Simb, or the rise and fall of the Fake Lion in Senegal

Joseph Ndione

29 May 2020

Joseph Ndione laments the demise of the man-lion street performance that once celebrated the power of nature.

(A message to the reader.)

Welcome to the Fake Lion show

Please close your eyes and imagine yourself walking in the streets of Dakar (capital city) or Saint-Louis (in the north) or any other Senegal’s cities streets an afternoon of a sunny public holiday admiring the architecture, joyful people, informal business of streets sellers, sheep here, goats there while enjoying some sabar (Senegal traditional drumming) drums beating and then suddenly from nowhere the whole atmosphere has completely changed, “c’est le sauve qui peut” (“Run for your life!”) all people are running chasing by men-lions and men-panthers. What would you do then?

It’s neither a nightmare nor a movie. This is real. Welcome to the Simb or Fake Lion show, an event unique of Senegal mixing mysticism, terror, traditional dance, folklore…

Street festival

 

The Fake Lion show is a very popular street entertainment. Most of the time it takes place on a street or an open public space specially prepared for the event (chairs for guests and onlookers, drums, main microphone…). Since the 1940’s these events have been designed to become real street shows, codified and with tickets sales at the entrance. Spectators must buy their tickets to attend the choreographies of the fake lions. Organisers are mainly the neighbourhood female associations. The main actors, like the fake lions and their troops, traditional singers, drummers, present the show based on a paid contract with organisers. Generally, the street festivities are held on a public holiday and the show starts from the end of the afternoon to nightfall.

Before the show, men dress up as lions with make-up imitating the “wild cat”: red and black, faces with whiskers and a terrifying appearance. Their spectacular arrival in the show where organisers and spectators are already waiting in their festive clothes is announced by the sounds of tam-tam. The fake lions are roaring and hidden from the public by handmade loincloths. The whole audience sings “congratulations the lions” and claps their hands. After a few dance steps, some fake lions suddenly dart to the crowd that runs away, others look in the audience to check spectators without tickets. The victims will be requested to dance in the main circle and if they do it badly, they will be sprayed with water or mocked. The show goes on like this alternating choreographies and attacks of the fake lions and dances performed by the spectators.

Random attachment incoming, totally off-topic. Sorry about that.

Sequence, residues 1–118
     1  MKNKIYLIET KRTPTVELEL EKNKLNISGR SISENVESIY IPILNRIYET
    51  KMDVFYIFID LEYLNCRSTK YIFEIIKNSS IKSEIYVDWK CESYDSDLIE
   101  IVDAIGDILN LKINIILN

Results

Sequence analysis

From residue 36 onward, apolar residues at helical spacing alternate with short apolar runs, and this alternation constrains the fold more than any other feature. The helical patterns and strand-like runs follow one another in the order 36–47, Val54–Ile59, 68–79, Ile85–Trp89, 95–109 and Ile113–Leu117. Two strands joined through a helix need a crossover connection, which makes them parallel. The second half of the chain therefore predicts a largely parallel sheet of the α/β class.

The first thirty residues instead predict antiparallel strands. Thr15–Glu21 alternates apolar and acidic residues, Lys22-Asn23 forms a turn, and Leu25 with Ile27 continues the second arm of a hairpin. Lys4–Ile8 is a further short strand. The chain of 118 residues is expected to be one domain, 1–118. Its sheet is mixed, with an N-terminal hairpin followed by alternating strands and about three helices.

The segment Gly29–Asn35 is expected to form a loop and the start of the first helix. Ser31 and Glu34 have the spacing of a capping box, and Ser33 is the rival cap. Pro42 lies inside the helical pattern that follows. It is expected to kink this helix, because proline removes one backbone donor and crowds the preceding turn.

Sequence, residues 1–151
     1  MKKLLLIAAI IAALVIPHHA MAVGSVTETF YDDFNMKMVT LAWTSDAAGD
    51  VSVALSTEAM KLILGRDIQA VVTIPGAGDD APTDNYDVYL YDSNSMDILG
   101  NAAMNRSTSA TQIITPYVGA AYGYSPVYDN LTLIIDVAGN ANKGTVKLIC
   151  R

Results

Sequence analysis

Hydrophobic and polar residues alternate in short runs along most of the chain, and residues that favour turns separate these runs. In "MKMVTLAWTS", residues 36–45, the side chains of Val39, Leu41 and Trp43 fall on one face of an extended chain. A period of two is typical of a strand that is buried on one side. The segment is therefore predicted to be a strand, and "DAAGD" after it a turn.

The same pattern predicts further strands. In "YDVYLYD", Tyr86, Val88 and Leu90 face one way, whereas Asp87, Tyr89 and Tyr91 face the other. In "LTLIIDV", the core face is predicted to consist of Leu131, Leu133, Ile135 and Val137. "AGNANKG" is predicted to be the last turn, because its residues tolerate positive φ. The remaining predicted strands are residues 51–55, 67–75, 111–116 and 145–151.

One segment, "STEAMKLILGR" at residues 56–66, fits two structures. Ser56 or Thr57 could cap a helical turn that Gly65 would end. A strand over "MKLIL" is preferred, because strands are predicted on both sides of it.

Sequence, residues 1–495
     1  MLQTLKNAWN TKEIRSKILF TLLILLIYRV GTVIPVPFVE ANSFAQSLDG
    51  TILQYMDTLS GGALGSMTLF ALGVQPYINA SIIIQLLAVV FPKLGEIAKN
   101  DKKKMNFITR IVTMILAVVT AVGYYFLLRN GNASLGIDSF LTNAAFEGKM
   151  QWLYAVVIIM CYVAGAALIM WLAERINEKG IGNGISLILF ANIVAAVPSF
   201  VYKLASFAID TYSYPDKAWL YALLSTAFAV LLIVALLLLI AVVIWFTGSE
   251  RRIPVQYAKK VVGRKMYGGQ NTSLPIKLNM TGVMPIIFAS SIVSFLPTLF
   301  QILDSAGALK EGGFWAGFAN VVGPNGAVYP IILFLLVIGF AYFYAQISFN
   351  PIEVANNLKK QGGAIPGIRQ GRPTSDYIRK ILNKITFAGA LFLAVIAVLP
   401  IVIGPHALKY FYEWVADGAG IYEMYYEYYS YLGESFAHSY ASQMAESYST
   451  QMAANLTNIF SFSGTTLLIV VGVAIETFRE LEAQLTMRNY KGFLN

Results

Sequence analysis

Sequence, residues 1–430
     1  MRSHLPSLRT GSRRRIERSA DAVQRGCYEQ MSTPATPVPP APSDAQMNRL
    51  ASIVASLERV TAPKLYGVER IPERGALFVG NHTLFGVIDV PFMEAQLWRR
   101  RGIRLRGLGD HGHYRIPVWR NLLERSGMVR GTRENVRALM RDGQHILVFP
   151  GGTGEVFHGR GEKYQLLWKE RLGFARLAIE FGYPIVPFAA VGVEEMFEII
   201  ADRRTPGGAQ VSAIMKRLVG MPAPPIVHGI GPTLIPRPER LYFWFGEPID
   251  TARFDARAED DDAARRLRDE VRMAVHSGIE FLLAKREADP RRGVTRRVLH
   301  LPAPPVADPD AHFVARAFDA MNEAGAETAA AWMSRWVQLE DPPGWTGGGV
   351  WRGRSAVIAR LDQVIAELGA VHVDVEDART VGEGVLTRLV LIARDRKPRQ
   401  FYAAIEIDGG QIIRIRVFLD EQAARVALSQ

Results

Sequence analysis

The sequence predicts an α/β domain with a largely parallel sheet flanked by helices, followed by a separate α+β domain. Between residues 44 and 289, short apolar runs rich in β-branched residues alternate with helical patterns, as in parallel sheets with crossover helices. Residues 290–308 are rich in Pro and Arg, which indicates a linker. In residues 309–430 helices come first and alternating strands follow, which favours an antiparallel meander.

At the end of the show, an audience of mainly children accompanies the return of the fake lions by singing under the sound of the tam-tam.

Birth of the man-lion

 

According to the oral tradition, the Fake Lion show dates back to the time when Senegal was covered with dense forests populated by wild animals such as lions, hyenas, gazelles, monkeys and jackals. The hunter who had been attacked by a lion and survived became a strange person. Shocked by this encounter, he lost his head and started roaring like a lion, eating only raw meat, and growing hair on his body. To cure him, the traditional healers then performed jaat, an epic speech to praise the Fake Lion.

The need to reinvent history

 

The Senegalese culture (including traditional wrestling, sabar, mbalaakh or traditional music, kankourang or traditional mask show…) is nowadays facing major challenges among others. This includes how to: (1) preserve its uniqueness; (2) harmonise traditional heritage and globalisation/technology; and (3) perpetuate the essence of its cultural treasures from generation to generation. As part of this, I tried to make you (re)visit the Fake lion’s history. This tradition is closely linked to Senegalese culture since the country’s national symbols are the Lion and the Baobab tree.

 

Unfortunately without strong willingness from the actors supported by the authorities in charge of culture, the Fake Lion’s show is doomed to disappear. The reasons for this include the violence which at times surrounds the event, the rapid urbanisation of Senegal’s cities, the lack of perpetuation of this practice from generation to generation and the deculturation of new generations. As a result, most of the Fake Lions became traditional wrestlers or they perform the show only during official ceremonies and cultural events to add some liveliness.

The images are copyright to Robert Sipho Faye Bellinger. 

 

Author

Joseph Ndione is currently lecturing Design Thinking and UX Design at the Virtual University of Senegal. He has among others diplomas an MBA from Ritsumeikan Asia Pacific University in Japan and a Master in English Language (specialization African Literature) from Dakar University. Joseph is a specialist of the OVOP Concept (One Village One Product) a Japanese oriented rural development model and has published a series of academic researches in that field.

 


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